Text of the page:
ebola
Health workers dressed in Ebola protective suits are seen readying an Ebola preparedness facility at the Bwera general hospital near the border with the Democratic Republic of Congo in Bwera, Uganda, June 12, 2019. VOA

There is widespread public mistrust of the Congo government and health workers from outside the region, giving rise to rumors that the disease is a ruse to try to rig elections in the area, where dozens of armed groups operate. Other rumors accuse health teams of spreading the disease. Many victims have sought treatment with traditional healers instead.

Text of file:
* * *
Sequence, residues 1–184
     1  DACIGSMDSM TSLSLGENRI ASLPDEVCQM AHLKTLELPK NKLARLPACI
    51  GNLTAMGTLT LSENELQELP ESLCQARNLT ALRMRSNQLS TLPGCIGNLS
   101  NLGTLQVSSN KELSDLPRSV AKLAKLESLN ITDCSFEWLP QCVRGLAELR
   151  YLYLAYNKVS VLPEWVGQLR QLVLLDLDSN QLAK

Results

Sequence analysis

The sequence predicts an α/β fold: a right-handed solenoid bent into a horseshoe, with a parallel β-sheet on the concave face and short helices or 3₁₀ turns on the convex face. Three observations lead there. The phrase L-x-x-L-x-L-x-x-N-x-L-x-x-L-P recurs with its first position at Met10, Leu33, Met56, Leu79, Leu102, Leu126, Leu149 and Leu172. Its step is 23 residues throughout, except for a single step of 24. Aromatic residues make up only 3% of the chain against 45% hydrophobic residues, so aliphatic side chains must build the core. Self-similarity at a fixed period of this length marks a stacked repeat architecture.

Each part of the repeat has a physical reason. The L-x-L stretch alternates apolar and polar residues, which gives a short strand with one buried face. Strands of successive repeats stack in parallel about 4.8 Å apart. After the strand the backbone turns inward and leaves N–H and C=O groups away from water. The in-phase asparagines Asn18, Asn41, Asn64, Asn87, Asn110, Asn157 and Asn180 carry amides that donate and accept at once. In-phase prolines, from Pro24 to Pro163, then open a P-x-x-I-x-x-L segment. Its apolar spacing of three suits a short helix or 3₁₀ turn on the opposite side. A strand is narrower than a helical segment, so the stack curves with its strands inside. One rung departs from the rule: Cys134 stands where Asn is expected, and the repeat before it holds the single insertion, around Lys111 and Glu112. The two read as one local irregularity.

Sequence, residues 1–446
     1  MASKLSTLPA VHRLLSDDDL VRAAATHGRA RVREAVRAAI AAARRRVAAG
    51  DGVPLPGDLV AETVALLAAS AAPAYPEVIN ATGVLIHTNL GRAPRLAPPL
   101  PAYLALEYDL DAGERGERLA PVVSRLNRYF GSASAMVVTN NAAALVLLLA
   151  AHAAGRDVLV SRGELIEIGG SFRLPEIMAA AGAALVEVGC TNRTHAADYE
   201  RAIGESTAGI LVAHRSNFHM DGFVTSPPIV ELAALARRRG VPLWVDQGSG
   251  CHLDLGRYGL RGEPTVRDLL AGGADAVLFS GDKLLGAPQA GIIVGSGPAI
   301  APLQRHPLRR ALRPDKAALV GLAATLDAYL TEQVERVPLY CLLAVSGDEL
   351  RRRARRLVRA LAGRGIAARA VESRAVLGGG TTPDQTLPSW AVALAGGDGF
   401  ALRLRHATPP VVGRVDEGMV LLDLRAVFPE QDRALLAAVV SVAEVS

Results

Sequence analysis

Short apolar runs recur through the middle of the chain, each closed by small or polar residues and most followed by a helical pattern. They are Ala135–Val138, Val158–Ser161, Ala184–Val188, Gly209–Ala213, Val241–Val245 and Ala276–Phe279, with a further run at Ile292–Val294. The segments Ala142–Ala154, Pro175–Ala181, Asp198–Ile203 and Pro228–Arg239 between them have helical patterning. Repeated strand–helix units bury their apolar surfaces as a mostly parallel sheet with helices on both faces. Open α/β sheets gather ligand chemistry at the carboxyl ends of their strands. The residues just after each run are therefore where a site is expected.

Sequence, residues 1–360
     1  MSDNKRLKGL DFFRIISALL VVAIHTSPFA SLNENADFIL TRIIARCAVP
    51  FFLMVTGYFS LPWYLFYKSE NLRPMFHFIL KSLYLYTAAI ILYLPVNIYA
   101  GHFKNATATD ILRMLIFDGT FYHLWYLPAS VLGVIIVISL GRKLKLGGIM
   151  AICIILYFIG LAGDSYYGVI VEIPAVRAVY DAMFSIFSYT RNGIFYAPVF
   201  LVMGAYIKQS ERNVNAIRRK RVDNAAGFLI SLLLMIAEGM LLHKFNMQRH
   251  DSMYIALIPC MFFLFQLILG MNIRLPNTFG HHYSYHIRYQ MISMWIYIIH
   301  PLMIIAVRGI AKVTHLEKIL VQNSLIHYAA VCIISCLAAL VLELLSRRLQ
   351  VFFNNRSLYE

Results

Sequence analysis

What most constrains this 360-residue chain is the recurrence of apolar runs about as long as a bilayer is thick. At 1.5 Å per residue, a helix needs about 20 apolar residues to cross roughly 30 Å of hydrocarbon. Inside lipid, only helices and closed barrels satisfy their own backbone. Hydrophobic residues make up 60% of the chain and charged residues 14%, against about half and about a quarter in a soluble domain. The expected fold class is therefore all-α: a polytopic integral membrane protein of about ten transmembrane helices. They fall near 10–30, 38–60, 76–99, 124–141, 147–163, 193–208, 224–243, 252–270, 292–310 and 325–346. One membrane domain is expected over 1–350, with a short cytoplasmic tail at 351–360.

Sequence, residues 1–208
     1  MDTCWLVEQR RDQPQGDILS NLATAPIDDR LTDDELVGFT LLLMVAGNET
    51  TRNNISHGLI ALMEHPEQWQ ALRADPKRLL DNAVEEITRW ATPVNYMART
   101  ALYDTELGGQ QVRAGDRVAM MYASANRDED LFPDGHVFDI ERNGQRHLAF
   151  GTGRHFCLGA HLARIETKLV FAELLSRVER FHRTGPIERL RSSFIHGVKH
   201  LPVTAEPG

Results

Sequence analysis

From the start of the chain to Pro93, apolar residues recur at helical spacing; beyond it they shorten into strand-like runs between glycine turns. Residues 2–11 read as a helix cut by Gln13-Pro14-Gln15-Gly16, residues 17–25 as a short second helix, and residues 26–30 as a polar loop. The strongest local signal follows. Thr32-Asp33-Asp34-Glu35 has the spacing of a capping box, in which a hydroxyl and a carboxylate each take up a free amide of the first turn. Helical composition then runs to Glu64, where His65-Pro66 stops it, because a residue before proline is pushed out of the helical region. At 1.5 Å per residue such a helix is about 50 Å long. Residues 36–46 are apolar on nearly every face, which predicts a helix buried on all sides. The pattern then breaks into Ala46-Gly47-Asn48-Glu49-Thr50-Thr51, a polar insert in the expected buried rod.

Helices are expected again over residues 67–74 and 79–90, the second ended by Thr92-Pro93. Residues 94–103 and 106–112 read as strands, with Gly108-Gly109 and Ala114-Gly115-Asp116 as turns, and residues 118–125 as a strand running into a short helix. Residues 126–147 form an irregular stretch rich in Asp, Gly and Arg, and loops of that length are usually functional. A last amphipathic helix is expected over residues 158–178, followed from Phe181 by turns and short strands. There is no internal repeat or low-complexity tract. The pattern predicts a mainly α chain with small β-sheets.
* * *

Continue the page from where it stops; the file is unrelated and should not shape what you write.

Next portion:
High alert

Uganda, which has been on high alert for a possible spread of Ebola and has already vaccinated many frontline health workers, is relatively well prepared to contain the virus. WHO is bringing in 3,500 additional vaccines and will begin vaccinating more people Friday.

ALSO READ: Measles Epidemic on Rise in Congo After Ebola Outbreak

“The current cases in Uganda will be quickly contained but the failure to stop the current Ebola epidemic in DRC is simply tragic,” said Ian Jones, a professor of virology at Britain’s Reading University. Eastern Congo also borders South Sudan, which is struggling to emerge from five years of devastating civil war and whose health facilities are basic even in the capital.

“We are deeply concerned for countries such as South Sudan that do not have the infrastructure to handle an outbreak,” said Whitney Elmer, Congo country director at aid group Mercy Corps. (VOA)